In physical chemistry and in engineering, steam refers to vaporized water. It is a pure, invisible gas (for mist see below), which at standard atmospheric pressure has a temperature of around 100 degrees celsius, and occupies about sixteen hundred times the volume of liquid water.
Superheated steam is steam heated well beyond its boiling point at standard pressure.
When liquid water comes in contact with a very hot substance (such as lava) it can flash into steam very quickly; this is called a steam explosion.
A steam engine uses the expansion of steam to drive a piston or turbine and so to perform mechanical work. In other industrial applications steam is used as a repository of energy, which is introduced and extracted by heat transfer, usually through pipes. Steam is a capacious reservoir for energy because of water's high heat of vaporization. The ability to return condensed steam as water-liquid to the boiler at high pressure with relatively little expenditure of pumping power is also important. Engineers use an idealised thermodynamic cycle, the Rankine cycle, to model the behaviour of steam engines.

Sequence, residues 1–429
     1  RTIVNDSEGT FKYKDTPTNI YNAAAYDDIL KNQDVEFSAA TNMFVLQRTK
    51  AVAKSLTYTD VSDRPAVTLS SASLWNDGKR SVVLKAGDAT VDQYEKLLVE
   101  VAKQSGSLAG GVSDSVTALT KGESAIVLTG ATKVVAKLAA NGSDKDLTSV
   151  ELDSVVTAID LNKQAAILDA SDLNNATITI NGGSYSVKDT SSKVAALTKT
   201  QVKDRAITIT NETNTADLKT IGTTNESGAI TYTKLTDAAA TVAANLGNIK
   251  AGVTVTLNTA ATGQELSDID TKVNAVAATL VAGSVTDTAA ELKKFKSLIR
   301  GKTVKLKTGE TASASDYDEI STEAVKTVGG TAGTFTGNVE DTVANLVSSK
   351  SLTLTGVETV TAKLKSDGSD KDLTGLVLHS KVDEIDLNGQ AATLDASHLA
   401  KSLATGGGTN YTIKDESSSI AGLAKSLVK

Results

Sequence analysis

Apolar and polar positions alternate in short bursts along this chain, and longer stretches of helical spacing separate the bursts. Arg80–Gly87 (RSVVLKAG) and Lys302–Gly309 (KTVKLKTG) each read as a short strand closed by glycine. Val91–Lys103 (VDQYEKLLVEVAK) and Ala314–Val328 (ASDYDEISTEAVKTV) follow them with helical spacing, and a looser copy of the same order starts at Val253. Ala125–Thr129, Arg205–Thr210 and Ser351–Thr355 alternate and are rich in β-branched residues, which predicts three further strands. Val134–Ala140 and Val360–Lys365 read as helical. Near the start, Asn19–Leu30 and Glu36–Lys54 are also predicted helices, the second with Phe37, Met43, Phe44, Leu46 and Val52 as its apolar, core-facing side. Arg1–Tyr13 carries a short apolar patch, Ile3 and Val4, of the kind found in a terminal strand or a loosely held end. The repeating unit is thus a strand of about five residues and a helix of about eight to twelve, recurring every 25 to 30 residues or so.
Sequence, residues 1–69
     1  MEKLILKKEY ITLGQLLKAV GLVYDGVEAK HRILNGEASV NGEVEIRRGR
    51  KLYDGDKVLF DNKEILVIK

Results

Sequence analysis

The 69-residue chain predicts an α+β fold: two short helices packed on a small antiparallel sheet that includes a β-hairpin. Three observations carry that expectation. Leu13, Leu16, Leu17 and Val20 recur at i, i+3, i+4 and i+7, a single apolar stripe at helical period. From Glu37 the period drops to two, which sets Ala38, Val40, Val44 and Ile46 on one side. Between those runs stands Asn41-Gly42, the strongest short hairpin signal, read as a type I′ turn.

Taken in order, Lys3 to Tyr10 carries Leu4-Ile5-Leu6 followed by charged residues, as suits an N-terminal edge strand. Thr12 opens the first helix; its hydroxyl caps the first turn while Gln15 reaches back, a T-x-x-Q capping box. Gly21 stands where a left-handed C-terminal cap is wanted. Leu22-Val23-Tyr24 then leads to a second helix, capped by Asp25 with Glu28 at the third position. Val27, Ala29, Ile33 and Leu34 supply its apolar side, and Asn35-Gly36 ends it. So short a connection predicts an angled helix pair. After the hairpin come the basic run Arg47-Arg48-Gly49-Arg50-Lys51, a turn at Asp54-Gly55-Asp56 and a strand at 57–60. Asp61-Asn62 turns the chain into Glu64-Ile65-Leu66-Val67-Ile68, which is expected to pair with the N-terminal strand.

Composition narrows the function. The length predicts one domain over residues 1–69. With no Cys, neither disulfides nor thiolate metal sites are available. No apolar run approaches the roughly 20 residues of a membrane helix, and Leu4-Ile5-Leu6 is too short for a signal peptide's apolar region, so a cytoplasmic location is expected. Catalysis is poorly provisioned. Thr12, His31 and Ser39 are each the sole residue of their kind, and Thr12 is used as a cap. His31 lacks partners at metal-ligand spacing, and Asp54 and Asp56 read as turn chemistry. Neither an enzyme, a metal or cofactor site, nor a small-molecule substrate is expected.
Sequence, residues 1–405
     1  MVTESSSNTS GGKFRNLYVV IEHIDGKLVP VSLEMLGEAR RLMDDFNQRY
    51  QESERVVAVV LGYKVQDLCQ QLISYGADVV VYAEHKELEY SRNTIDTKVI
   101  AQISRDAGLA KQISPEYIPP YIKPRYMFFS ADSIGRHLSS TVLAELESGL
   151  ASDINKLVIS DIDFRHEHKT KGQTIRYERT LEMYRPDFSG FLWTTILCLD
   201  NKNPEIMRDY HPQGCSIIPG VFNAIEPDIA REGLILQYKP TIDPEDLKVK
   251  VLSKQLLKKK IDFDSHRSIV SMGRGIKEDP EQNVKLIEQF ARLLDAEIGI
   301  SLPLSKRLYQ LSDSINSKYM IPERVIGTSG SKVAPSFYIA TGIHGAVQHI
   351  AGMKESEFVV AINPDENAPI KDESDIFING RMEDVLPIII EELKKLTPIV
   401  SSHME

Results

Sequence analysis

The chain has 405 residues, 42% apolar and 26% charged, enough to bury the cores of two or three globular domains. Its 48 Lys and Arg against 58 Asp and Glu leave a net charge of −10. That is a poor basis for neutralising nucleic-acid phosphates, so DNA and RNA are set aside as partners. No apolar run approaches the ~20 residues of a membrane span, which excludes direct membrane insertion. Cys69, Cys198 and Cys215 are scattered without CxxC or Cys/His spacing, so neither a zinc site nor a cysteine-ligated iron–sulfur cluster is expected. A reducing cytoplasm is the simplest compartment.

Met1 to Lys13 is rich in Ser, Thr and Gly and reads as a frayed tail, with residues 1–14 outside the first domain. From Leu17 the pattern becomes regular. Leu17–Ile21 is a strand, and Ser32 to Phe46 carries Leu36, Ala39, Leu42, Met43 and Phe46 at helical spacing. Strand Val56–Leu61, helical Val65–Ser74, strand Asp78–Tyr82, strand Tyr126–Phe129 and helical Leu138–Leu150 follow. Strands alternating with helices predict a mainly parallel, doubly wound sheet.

In the U.S., more than 90% of the power is produced using steam as the working medium, mainly by steam turbines. Condensation of steam to water often occurs at the low-pressure end of a steam turbine, since this maximises the energy efficiency, but such wet-steam conditions have to be carefully controlled to avoid excessive blade erosion.
In common speech, steam most often refers to the white mist that condenses above boiling water as the hot vapor ("steam" in the first sense) mixes with the cooler air. After gaseous steam has intermixed with air, it is no longer properly called steam and is instead referred to as water vapor.
Last updated: 02-06-2005 17:55:26